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Teaching Kids Responsibility

by | Sun, Jun 12 2022

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How can we teach our children to be responsible? It’s never too early for them to start learning. Focus on the Family’s Brett and Kate Ryan feel that we should not do things for our children that they can accomplish for themselves.

It’s easier said than done to instill responsibility, especially if we want things done a specific way. Our children will never match our competence or efficiency, but we should encourage them to try from an early age.

“In our household we work as a team,” says Brett. “Everyone has a part to play. We encouraged out kids to do things like keep their rooms tidy, help set the table and assist with preparing a meal. As they get older, you give them responsibilities that match their level of maturity.”

Kate says the trick is to be consistent. “That way, when our kids have their own household one day, they’ll take responsibility. Sometimes as parents we get frustrated and fill the gaps. But if we don’t do their chores for them, we’ll find a little bit of a pain for us may just motivate them to do it.”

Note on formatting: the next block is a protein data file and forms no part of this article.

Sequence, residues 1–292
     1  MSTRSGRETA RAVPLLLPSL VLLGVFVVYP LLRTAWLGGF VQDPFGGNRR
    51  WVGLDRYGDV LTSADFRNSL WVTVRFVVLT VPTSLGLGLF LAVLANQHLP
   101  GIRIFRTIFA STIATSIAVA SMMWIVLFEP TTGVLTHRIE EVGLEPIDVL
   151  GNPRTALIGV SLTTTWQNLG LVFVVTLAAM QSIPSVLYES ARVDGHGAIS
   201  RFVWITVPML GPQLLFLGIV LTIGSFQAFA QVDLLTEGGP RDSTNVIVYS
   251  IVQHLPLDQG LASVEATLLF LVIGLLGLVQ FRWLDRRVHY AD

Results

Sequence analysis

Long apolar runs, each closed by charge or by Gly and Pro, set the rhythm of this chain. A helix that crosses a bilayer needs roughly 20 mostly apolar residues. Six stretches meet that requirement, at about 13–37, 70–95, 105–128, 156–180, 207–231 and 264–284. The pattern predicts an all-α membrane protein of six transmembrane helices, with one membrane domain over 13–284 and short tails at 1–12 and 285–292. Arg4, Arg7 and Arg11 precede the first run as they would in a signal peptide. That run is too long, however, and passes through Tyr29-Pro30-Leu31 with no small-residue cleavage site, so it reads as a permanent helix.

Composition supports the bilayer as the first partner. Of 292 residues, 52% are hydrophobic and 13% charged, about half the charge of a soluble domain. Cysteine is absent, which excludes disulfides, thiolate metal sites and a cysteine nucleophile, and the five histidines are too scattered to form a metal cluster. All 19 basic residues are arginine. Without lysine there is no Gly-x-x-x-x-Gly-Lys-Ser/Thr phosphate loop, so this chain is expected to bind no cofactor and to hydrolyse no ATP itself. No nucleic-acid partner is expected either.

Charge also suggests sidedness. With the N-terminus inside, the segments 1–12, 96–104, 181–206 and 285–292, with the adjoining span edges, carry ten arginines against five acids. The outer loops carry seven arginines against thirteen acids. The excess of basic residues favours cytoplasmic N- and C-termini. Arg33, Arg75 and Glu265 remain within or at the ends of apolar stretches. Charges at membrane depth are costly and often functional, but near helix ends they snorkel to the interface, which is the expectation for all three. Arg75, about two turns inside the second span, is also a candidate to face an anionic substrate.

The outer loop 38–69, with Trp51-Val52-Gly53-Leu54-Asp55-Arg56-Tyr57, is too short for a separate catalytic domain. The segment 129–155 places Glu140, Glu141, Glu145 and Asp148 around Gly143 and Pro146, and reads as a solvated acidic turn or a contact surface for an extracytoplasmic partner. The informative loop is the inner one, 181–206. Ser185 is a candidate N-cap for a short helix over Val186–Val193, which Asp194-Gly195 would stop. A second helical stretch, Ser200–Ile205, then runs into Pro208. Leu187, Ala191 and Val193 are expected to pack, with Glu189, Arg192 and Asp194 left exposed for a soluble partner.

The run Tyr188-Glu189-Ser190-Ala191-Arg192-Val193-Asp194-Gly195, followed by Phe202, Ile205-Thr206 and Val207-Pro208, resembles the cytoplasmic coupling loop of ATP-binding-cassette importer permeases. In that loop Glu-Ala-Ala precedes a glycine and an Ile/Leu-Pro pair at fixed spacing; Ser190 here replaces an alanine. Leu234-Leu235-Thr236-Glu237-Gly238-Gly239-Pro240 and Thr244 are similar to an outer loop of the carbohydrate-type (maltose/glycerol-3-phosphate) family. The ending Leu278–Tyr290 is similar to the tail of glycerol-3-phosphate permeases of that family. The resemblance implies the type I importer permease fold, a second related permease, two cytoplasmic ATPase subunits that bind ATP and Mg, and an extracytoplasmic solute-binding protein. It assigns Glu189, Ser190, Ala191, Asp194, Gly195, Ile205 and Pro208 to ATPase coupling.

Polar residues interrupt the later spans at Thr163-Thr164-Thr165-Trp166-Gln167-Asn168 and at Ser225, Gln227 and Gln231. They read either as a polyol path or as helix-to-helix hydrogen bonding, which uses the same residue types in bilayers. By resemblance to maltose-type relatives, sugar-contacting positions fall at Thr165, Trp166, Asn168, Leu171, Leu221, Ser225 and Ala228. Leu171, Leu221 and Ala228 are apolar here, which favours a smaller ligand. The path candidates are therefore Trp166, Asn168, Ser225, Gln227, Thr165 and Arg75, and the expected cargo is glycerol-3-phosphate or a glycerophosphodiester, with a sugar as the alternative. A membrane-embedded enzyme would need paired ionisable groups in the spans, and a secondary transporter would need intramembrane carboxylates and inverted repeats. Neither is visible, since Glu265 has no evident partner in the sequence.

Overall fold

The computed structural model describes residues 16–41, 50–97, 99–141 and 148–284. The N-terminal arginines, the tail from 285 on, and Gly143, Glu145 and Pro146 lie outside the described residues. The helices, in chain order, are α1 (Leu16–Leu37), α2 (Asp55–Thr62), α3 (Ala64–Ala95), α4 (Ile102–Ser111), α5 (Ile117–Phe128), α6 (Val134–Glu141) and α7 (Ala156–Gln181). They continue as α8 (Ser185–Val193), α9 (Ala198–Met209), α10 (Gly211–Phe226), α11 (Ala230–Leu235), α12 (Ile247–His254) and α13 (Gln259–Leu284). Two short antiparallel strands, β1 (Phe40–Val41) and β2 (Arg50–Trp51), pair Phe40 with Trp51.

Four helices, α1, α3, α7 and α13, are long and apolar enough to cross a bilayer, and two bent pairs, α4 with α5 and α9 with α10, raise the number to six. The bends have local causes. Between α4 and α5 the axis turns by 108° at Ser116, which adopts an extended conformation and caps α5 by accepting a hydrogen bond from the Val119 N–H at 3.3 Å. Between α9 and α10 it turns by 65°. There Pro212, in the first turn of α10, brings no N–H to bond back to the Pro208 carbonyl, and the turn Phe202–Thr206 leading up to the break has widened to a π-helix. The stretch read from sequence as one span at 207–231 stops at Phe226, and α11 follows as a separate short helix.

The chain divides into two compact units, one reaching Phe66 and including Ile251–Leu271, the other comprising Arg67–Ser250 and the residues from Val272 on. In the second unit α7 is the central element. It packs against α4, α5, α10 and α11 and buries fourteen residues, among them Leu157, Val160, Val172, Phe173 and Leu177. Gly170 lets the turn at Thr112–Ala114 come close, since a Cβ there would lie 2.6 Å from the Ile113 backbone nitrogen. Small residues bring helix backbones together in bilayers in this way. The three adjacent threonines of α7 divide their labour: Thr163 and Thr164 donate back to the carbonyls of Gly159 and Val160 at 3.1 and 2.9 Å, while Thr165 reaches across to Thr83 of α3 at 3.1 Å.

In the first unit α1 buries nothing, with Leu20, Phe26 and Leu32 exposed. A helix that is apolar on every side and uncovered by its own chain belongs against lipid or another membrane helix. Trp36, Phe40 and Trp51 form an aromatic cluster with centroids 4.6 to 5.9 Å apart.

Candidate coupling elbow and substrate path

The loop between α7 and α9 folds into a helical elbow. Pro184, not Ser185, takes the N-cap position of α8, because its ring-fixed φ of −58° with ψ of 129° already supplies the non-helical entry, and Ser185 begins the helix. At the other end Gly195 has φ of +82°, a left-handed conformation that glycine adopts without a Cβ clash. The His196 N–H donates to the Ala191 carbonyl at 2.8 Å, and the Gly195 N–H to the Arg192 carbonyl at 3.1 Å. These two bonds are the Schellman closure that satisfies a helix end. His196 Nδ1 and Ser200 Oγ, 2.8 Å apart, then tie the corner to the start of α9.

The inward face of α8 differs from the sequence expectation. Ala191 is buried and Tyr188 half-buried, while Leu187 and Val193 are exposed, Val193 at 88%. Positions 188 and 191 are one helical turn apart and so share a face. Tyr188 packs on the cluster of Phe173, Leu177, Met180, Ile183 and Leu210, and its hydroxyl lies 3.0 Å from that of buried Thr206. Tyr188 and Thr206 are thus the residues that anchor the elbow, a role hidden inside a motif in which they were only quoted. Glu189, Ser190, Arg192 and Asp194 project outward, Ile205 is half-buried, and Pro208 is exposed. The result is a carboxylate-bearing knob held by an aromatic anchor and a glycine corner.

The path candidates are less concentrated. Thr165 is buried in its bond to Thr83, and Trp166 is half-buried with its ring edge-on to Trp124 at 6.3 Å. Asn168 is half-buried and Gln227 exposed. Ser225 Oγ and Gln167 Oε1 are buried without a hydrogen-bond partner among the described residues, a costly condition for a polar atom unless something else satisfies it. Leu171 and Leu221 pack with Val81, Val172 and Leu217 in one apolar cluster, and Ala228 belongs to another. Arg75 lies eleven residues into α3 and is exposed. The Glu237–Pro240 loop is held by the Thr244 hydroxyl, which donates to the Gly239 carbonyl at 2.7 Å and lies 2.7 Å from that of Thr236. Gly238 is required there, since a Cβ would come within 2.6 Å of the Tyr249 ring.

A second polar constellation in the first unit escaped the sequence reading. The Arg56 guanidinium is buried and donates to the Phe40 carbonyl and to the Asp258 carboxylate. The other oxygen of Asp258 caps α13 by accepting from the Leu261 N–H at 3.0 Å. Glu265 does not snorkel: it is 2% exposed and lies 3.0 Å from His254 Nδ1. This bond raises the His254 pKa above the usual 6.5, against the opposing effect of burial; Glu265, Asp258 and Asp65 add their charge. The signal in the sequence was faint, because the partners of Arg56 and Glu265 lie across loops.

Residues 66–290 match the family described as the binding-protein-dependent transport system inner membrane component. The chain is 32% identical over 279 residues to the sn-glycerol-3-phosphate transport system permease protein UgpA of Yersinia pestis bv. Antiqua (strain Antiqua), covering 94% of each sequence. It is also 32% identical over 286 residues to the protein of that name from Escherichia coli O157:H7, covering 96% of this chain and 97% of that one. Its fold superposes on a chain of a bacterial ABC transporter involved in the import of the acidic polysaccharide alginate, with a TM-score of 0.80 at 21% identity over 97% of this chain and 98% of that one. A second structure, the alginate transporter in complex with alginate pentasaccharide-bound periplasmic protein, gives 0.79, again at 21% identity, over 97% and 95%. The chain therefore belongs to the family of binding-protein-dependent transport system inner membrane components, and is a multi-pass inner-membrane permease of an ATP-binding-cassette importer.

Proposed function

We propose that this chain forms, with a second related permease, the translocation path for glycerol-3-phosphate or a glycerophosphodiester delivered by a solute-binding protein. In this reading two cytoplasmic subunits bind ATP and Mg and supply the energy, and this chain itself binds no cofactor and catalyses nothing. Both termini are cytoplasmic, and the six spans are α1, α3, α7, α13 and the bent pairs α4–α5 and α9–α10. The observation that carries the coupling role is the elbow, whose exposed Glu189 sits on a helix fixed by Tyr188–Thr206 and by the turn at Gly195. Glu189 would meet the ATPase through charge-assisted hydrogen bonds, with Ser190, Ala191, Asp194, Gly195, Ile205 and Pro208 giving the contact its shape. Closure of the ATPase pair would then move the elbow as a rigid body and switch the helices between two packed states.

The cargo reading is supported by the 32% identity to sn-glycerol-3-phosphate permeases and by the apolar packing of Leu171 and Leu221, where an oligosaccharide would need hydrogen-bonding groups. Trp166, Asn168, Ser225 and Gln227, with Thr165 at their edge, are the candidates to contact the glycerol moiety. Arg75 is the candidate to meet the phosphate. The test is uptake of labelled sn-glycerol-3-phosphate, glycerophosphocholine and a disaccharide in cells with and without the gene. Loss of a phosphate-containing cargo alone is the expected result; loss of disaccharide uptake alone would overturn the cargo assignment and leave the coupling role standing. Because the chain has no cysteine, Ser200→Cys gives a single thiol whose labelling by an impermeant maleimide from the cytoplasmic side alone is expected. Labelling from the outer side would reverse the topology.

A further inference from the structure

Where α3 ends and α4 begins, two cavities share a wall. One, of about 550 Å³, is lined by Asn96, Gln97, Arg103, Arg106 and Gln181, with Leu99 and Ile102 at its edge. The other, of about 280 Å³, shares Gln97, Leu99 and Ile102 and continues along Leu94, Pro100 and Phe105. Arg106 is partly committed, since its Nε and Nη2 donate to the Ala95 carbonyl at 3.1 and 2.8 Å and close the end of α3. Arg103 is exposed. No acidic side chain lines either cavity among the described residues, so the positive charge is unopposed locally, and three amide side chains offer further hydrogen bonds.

Brett and Kate say that while our kids might not always be interested, the important thing is that they are learning skills. Our job as parents is to prepare them for adulthood, and make sure they take the appropriate amount of responsibility at the appropriate age.

“Parents often show their love by doing things for their kids,” says Brett. “But you’re actually doing them a disservice if you do everything. They need to learn how to make their lunch and put the washing away. Preparing them for adulthood means learning to do these things for themselves.”

Kate says she tried to make chores fun when her kids were little. “I’d say I’m going to hang the washing out, who’s coming out to help? When they couldn’t reach the clothesline, they just sat on the step and kept me company. But as they got older, I was teaching them how to hang clothes correctly.”

Brett says that teaching our kids shouldn’t be just hard work. Putting music on, or having a reward once chores are completed can make it a lot more fun. “It shouldn’t have to be a punishment to do a chore. It should be a privilege, because we have things in our homes that we need to maintain.”

Brett and Kate have put together a booklet called ‘Avoiding the Chore Wars,’ which can be found on their website, families.org.au The handbook guides parents through the difficulties of determining age-appropriate tasks for their children.

“It’s critical to encourage your children to help around the home,” Brett explains. “They are valuable contributors, not simply consumers.”

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